The Onyx Stone Genesis 2:12

The onyx stone. - Genesis 2:12

How many precious stones do you know? Count and see. I expect all of you know a diamond and a ruby, an emerald and a sapphire, an amethyst and a turquoise. That makes six. How many precious stones do you think the Bible knows? Nineteen! And if we add what we may call “the precious stones of the sea,” the pearl and the coral, that makes the list total twenty-one.

You will find most of these precious stones in three great lists. The first list is in the twenty-eighth chapter of the book of Exodus, and it is repeated in the thirty-ninth chapter. That list is a description of the twelve jewels which Aaron, the first Jewish high priest, wore on his breastplate. There were four rows of stones, three in each row, and each stone had the name of a tribe engraved on it. When Aaron went into the Holy Place to intercede with God for the people he put on this wonderful breastplate. He carried, as it were, the names of the tribes on his heart when he entered the presence of God. And as the light of the Holy Place fell on the twelve jewels they flashed and glowed as if they were living.

The second list you will find in the twenty-eighth chapter of Ezekiel; the stones mentioned there are those worn by the King of Tyre. There are nine of them, and you will notice that they are all stones that were mentioned in the first list, though the order is different. Between the time of the first list and the second nine hundred years had passed. Seven hundred years after the second list a third list appeared. You will find it in the twenty-first chapter of Revelation. The stones spoken of there are the twelve foundation- stones of the New Jerusalem, the City of God which is to be, and which John the Apostle saw in a vision. If you read over that list you will notice that eight of the stones we have already met, and four are strangers. The four new stones have names which look hard to spell and difficult to pronounce. Try them. Chalcedony, Sardonyx, Chrysolite, Chrysoprase.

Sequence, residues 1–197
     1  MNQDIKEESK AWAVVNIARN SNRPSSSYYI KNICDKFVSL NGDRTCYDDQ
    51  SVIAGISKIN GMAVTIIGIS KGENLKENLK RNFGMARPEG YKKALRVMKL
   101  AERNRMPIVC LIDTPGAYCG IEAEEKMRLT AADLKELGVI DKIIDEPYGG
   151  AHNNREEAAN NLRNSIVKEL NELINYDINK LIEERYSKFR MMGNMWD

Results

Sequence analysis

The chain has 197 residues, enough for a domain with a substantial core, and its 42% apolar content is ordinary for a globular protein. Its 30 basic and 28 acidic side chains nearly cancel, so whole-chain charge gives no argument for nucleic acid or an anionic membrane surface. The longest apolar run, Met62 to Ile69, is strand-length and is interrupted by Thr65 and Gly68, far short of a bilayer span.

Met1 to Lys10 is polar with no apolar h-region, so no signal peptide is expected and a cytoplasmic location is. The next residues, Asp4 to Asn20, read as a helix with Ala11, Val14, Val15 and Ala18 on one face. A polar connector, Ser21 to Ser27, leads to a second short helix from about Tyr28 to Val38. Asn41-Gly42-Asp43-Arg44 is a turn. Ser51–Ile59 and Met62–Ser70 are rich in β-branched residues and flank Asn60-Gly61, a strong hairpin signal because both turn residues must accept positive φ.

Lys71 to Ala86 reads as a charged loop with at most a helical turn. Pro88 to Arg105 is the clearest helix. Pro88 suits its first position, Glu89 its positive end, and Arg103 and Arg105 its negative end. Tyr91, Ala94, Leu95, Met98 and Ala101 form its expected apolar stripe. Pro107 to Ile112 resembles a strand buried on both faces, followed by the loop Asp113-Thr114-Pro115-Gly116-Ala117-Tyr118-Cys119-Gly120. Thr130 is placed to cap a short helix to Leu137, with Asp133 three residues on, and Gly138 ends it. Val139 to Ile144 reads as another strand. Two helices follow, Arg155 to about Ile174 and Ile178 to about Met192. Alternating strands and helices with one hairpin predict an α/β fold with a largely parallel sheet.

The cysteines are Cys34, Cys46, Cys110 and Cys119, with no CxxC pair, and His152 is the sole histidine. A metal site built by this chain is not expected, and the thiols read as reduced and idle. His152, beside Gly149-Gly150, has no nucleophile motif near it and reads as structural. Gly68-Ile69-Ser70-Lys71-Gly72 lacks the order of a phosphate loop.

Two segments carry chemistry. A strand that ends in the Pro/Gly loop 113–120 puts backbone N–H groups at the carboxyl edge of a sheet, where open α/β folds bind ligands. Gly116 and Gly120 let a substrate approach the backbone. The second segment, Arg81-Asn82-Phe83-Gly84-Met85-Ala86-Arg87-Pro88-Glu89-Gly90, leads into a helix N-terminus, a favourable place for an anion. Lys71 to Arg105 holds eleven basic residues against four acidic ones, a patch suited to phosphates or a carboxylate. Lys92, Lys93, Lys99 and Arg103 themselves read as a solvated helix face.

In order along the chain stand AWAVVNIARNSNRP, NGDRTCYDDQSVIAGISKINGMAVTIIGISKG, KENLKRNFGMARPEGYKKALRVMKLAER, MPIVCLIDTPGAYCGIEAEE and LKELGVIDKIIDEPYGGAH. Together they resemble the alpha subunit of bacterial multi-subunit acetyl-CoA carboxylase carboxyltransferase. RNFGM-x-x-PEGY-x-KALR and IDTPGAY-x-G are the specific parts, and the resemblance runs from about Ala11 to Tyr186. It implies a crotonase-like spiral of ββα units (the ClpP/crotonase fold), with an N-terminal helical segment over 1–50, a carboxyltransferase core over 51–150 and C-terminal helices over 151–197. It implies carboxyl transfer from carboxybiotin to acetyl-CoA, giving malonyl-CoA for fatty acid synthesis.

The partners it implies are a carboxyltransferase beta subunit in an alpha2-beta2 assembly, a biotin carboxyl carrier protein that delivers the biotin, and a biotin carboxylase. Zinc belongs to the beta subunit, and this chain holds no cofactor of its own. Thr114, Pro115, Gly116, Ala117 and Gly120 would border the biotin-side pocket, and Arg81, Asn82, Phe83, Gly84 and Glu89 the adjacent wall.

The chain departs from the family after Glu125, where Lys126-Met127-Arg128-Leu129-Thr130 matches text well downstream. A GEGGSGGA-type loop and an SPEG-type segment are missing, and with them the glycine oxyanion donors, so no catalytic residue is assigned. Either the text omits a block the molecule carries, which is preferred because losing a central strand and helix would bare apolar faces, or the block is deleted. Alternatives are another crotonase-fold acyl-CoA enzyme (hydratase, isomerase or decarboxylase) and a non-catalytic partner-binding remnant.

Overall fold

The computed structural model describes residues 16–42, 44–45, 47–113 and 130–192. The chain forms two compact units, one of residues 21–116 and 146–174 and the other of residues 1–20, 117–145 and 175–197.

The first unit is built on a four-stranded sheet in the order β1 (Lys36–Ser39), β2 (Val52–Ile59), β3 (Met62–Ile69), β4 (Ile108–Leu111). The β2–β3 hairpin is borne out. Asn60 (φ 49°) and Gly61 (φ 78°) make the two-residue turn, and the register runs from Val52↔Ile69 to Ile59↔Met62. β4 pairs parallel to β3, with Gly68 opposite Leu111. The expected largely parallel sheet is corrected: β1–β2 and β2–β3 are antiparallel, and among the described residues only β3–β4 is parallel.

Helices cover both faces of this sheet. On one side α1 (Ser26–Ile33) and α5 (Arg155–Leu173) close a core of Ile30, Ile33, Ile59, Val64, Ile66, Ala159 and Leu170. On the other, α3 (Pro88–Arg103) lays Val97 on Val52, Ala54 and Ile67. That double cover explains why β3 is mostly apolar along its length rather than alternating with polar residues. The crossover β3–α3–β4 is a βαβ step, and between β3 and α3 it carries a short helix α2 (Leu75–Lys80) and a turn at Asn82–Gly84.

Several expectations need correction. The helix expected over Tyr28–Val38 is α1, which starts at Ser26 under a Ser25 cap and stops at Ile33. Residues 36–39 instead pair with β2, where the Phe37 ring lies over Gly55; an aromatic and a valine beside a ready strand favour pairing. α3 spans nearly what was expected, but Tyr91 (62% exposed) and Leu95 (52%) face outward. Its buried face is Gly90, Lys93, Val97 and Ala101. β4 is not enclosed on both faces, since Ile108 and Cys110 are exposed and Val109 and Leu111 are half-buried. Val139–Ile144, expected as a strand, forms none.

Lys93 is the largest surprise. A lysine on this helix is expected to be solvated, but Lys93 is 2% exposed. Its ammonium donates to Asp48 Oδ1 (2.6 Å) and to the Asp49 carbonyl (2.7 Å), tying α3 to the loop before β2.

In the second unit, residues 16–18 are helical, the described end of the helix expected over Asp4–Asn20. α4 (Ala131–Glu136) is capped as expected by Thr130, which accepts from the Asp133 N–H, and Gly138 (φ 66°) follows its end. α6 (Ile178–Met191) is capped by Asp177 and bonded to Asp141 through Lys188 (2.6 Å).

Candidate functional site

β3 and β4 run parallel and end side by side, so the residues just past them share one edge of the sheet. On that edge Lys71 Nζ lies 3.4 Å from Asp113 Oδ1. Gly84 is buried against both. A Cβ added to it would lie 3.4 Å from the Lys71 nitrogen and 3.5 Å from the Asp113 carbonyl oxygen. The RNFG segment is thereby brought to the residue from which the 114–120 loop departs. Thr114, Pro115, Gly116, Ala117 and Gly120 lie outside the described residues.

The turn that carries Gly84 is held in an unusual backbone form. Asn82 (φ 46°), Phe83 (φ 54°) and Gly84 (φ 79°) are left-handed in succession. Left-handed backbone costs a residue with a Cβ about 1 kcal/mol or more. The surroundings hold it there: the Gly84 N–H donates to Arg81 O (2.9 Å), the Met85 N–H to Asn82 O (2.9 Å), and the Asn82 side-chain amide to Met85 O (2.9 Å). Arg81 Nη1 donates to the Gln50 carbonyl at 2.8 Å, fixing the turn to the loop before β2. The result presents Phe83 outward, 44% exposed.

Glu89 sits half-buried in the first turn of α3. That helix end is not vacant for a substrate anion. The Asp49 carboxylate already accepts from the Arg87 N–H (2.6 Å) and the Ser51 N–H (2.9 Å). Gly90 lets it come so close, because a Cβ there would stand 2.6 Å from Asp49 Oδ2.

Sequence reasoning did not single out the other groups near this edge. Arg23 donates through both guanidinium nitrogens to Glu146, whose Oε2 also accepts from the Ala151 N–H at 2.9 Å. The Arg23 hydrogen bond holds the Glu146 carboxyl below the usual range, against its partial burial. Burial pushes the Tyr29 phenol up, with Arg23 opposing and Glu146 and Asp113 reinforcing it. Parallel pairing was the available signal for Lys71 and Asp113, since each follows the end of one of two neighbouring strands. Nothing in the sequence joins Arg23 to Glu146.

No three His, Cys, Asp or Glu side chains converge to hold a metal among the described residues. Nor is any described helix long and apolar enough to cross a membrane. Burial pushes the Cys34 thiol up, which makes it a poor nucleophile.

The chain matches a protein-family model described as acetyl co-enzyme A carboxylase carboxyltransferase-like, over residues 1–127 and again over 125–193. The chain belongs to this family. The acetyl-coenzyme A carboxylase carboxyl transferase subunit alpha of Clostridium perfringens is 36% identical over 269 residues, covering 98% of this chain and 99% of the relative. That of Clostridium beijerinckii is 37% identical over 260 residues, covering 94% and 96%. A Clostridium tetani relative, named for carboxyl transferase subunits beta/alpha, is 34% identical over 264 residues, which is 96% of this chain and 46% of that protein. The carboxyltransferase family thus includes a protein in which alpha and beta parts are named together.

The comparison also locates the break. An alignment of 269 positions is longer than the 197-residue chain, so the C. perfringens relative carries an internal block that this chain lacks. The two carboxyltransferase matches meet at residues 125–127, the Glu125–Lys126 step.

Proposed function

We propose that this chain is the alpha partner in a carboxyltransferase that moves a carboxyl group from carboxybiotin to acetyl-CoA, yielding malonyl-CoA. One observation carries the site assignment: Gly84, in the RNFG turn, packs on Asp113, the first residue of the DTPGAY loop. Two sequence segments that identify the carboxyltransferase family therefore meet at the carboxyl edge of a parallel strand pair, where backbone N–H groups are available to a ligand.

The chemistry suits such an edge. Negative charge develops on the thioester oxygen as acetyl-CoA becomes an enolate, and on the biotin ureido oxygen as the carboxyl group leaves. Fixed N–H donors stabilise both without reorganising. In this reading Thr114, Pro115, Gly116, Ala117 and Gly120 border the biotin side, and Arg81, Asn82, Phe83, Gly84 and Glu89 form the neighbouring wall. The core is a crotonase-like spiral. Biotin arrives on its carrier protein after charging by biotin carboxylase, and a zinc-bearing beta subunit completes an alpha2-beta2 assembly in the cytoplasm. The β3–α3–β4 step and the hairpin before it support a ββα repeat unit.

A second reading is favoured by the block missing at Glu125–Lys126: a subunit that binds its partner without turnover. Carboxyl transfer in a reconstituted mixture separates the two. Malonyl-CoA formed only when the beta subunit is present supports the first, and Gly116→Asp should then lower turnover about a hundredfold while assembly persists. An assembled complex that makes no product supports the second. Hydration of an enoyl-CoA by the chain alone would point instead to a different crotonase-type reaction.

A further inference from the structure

Besides these three lists you will find the names of jewels scattered through many pages of the Bible. You see, the Jews were an Eastern people, and Eastern nations set greater store by gems than we do. You have only to look at the picture of an Indian Prince with his magnificent strings of pearls and his jeweled sword and his turban clasped with an enormous emerald—you have only to look at him to see how much jewels mean to those in the East. An Eastern counts them his most cherished possession. Instead of putting his money in the Bank he buys jewels. He thinks of them as living. He believes that they bring to their wearer health, wealth, happiness, strength, long life, and fame. He fondly hopes that they will keep away from him evil and misfortune. He even imagines that they will wash away sin.

We don’t go so far as our Eastern brothers, but still we too love jewels. We admire their wonderful color and their fascinating sparkle, and we like to hear the many stories that are told of them. Let us see if they have any special message to give to us.

We are not going to take any of the lists we have mentioned, but we are going to make up a list of our own—a stone for each month. Perhaps you may have heard people talking about their birth-stone. They were going back to an idea which the old Romans had that every month of the year had its own precious stone. The Romans said that if you were born in a certain month you should wear the stone belonging to that month. It would bring you good luck. They also wore a talisman made of the stones of the months set in their proper order. Of course we are too sensible to think that merely wearing certain stones will bring us good fortune, but let us see if we cannot make a talisman of our own out of twelve of the Bible stones.